Notably, FICO scores and credit scores calculated by other models are both based on the same five factors:

  1. Payment history
  2. Credit utilization
  3. Credit history
  4. Types of credit (credit mix)
  5. Recently acquired new credit lines

But the key difference lies in how they are calculated and categorized. This can lead to different results.

Conclusion

Credit scores and FICO scores do not necessarily mean the same thing. Credit scores are a broader term, and every credit bureau uses credit scoring models such as FICO and other models to determine credit scores. The higher the scores, the better credit standing you can enjoy. 
Thus, it is best to monitor and improve your credit rating using credit repair ai tool like CoolCredit. This way, you can access your credit report and check your scores instantly. Its dispute letter templates make it simpler to report inaccuracies, which might lower your scores.

FAQs

Q: Is a FICO score the same as a credit score? 

A: The answer is: not really. The credit score is a numerical score between 300 and 850, which is a widely accepted measure of your creditworthiness. FICO is one of the scoring models that credit bureaus use to evaluate your credit score. There are also various other recognized scoring models, like the VantageScore, Equifax National Equivalency Score (ENES), etc.

Q: Why do credit scores differ between credit bureaus?

A: The FICO 8 scoring model is more sensitive to credit utilization rate, meaning fluctuations can impact your score. VantageScore 3.0 considers historical rates but may not impact scores as much. With VantageScore 4.0, utilization does impact scores.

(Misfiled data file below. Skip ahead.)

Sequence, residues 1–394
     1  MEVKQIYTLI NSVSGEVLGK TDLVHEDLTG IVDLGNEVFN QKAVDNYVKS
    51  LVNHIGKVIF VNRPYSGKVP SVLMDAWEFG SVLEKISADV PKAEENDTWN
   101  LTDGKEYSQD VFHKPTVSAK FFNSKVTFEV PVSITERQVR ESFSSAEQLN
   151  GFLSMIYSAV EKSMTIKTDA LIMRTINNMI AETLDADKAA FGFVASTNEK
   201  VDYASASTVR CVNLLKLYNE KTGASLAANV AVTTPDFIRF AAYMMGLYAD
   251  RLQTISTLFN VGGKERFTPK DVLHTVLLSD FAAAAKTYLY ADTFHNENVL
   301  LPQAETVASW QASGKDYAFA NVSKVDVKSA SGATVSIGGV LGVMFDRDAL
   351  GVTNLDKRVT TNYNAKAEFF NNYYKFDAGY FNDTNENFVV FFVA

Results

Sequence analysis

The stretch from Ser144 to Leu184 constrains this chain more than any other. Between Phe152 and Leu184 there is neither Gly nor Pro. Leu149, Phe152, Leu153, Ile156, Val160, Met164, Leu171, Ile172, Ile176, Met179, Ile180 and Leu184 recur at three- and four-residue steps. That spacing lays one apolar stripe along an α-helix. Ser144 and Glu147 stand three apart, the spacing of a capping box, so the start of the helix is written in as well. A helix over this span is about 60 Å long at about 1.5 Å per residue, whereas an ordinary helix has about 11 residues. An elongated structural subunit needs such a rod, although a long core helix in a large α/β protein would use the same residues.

Q: Why do my FICO scores differ among themselves?

A: Different FICO models, like FICO 10, 9, and 8, are used by various lenders. As a result, scores across these models may not align.

Q: What is considered an overall good credit score?

A: Scores above 700 are typically seen as good to excellent. However, around 40% of Americans have FICO scores below 700.

Q: How to Maintain a Good Credit Score?

A: Here are a few tips:

  • Check your credit report and dispute errors: It may seem difficult to many, but it becomes much easier with apps like CoolCredit. It is a licensed AI-assisted DIY credit repair app. Its ready-to-use dispute letter templates make it easy to dispute any inaccurate information without much hassle. 
  • Reduce credit utilization: A lower credit utilization rate contributes toward a higher credit score. So, you should reduce credit card spending or apply for a higher credit utilization limit.
  • Pay bills on time: Payment history is a crucial factor that can influence your credit scores. Thus, it’s recommended to never miss a deadline and pay bills, especially the credit card bill, on time. Timely payments reflect positively on your credit report, boosting your scores.  (For more tips, check out the free knowledge resources available in the CoolCredit app.)